Can you tell us a bit about your experience reading at the festival?
Winning the Fringe contest has remained the most influential writing event for me. I wrote a series of blogs about the emotional and professional impact of not only the reading, but the people I met during the festival. The authors and organizers of the event made me feel like a welcome and integral part of the success of this festival. It was shocking good luck that two of my favourite authors Cathy Marie Buchanan and Linwood Barclay were also appearing. I was incredibly fortunate to meet…well, this might lead to naming every author on the bill (which I could, including the Fringe readers), so I’ll just say that it was a dream come true.

The stimulating synergy of the chatter in the ‘green room’, on that final evening before our dinner, inspired me to establish regular no-agenda social events for writers in my area at local restaurants.

What would you tell writers who are thinking of starting to submit to contests? Do you have any advice you wish you’d known in the past?
There are an overwhelming number of contests and I would encourage writers to be selective. One must weigh the benefits of a win over the sometimes costly entry fees. It probably goes without saying, but they should closely follow the criteria for each contest and then submit only their most finely-edited work.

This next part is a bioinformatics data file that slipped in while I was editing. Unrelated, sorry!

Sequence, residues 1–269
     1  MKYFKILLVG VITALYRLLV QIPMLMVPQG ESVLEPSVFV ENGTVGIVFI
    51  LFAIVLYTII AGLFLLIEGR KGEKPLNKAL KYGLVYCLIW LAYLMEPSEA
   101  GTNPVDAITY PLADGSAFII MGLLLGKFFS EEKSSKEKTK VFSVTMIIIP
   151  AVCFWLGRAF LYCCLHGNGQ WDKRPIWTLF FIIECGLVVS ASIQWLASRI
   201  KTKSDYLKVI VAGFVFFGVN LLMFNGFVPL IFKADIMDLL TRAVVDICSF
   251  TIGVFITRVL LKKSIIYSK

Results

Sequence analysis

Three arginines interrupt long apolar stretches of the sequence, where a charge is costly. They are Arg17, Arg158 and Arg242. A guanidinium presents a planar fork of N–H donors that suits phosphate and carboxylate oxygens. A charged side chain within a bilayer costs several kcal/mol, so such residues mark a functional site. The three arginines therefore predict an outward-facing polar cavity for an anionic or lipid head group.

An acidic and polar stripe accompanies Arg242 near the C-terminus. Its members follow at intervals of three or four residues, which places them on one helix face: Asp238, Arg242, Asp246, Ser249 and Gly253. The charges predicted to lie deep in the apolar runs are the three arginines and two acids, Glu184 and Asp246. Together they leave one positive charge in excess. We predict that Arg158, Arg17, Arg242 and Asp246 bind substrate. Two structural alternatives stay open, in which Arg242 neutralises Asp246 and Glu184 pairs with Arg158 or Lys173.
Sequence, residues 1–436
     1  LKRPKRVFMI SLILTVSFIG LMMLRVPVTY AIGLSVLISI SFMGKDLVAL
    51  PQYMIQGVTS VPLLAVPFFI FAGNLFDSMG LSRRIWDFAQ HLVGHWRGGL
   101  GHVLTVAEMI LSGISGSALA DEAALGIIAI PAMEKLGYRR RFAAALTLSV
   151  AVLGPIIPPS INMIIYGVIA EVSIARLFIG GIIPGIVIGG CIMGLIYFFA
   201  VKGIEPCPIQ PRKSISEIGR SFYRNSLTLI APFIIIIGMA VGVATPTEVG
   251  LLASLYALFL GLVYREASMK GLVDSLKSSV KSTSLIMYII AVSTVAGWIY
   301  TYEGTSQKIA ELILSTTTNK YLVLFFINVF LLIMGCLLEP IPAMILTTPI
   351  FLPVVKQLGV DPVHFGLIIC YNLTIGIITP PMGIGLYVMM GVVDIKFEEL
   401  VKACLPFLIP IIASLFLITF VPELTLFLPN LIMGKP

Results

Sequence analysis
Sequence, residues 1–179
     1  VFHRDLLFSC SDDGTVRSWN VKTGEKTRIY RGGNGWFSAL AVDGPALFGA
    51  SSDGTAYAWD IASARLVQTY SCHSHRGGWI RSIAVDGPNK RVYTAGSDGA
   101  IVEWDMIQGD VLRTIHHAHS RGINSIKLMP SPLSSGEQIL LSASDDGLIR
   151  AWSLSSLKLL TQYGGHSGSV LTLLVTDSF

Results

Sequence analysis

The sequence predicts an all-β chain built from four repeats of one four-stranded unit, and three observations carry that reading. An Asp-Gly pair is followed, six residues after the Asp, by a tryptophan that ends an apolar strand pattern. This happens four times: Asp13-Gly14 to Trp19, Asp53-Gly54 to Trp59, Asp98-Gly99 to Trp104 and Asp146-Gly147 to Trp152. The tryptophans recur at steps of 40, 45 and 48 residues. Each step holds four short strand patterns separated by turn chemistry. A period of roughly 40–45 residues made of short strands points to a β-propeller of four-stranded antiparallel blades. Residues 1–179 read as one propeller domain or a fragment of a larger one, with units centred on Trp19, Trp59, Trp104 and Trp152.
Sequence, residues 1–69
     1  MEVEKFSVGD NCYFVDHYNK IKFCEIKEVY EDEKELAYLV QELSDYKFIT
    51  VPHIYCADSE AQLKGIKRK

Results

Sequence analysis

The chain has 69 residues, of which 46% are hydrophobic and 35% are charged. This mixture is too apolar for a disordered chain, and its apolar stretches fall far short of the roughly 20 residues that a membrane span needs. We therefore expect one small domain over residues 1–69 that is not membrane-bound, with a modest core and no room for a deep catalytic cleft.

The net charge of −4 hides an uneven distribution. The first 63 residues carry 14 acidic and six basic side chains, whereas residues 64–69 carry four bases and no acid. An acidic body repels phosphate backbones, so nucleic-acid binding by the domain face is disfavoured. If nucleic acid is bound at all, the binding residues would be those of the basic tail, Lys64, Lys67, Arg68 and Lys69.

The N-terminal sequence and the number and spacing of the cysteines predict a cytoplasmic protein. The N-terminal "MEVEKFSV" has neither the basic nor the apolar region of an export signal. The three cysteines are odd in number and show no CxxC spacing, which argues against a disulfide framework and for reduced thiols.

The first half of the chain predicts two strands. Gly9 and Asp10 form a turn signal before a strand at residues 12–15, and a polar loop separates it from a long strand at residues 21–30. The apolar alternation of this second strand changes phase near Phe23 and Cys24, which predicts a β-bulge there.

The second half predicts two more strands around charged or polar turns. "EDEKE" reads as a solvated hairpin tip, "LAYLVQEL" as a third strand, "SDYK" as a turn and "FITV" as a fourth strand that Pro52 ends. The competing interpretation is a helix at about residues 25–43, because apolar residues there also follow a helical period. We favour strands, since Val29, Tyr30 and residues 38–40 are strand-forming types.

I would strongly suggest that they consider edits and critiques only from people who are fans of their particular genre. I must admit that I took advice at the beginning of my writing career that was not good. I changed my writing style to suit every person who read it, thinking that they knew better than I did. That proved to be a frustrating setback.

Tell us about your new book!
Hazards of the Trade is an intimate reveal of nearly twenty years of my exhilarating, exhausting, frightening, and hilarious life as a lingerie boutique owner. I think everyone craves that behind-the-scenes look, especially from the 80s and 90s era when the world and culture were very different. The memoir is a compilation of stories that begin with my naïve startup in a small town and progress through shoplifters, stalkers, fashion show extravaganzas, rabid squirrels, full moons, and…more.

Hazards of the Trade happened by accident. I shared a short story with my writing group based on a memory from my retail career. My mentor advised me to continue writing those stories because, in her words, “I think you have something there.” Each memory led to another until I was re-living that life ‘back in the day’.